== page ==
I take my endless way.

Chocolate Macaroon Pie, Oil on canvas panel, 5×7, $110.00 USD

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Cheesecake with Raspberry Sauce

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I really can’t come up with a Rilke poem about cheesecake, no surprise. I actually googled “cheesecake poetry,” and discovered I didn’t want to go there either. Really, dessert poetry is hard to find….so there is a need out there! (for all you nascent poets…)

As I said, this was a commission and I enjoyed painting it. I want that plate!

In praise of painting food, here is one by Ogden Nash:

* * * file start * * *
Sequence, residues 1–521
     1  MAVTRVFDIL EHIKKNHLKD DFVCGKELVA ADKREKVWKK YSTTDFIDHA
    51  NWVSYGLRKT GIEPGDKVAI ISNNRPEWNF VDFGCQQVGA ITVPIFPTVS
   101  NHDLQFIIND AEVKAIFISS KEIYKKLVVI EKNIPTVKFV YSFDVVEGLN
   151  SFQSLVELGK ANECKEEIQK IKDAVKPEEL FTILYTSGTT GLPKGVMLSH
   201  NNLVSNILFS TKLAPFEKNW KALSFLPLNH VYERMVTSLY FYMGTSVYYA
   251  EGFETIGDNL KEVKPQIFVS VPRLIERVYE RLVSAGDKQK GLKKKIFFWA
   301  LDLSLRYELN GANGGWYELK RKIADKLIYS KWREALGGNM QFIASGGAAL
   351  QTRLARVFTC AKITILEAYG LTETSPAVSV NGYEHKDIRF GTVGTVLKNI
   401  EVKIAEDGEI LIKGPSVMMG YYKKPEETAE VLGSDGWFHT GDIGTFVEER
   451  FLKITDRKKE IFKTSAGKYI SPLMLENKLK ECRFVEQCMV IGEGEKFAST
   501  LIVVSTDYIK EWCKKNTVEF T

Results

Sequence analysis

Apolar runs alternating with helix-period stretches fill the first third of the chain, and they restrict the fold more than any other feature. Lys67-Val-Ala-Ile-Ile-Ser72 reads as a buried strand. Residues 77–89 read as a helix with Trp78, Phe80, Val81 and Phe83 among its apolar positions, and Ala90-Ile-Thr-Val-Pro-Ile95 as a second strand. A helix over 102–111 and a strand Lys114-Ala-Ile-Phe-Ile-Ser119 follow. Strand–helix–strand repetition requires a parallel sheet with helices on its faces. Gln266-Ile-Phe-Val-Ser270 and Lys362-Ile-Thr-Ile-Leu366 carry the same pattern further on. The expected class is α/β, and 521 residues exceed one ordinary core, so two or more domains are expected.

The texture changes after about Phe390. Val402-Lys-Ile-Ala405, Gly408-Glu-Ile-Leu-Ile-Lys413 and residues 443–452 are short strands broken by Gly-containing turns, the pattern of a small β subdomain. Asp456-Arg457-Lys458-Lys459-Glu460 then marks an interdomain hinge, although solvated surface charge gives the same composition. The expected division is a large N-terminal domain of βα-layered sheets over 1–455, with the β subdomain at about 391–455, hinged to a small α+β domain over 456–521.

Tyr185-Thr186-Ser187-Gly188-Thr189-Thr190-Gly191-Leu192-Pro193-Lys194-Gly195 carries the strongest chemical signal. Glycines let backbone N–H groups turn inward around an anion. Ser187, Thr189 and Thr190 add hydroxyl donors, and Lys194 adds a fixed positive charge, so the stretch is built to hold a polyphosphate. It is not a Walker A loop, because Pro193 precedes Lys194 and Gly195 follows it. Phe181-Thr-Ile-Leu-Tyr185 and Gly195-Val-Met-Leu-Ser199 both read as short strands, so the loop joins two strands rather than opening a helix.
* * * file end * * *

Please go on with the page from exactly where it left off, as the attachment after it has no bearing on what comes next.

The Clean Plater

Some singers sing of ladies’ eyes,
And some of ladies lips,
Refined ones praise their ladylike ways,
And course ones hymn their hips.
The Oxford Book of English Verse
Is lush with lyrics tender;
A poet, I guess, is more or less
Preoccupied with gender.
Yet I, though custom call me crude,
Prefer to sing in praise of food.
Yes, food,
Just any old kind of food.

Pheasant is pleasant, of course,
And terrapin, too, is tasty,
Lobster I freely endorse,
In pate or patty or pasty.
But there’s nothing the matter with butter,
And nothing the matter with jam,
And the warmest greetings I utter
To the ham and the yam and the clam.
For they’re food,
All food,
And I think very fondly of food.
Through I’m broody at times
When bothered by rhymes,
I brood
On food.

Some painters paint the sapphire sea,
And some the gathering storm.
Others portray young lambs at play,
But most, the female form.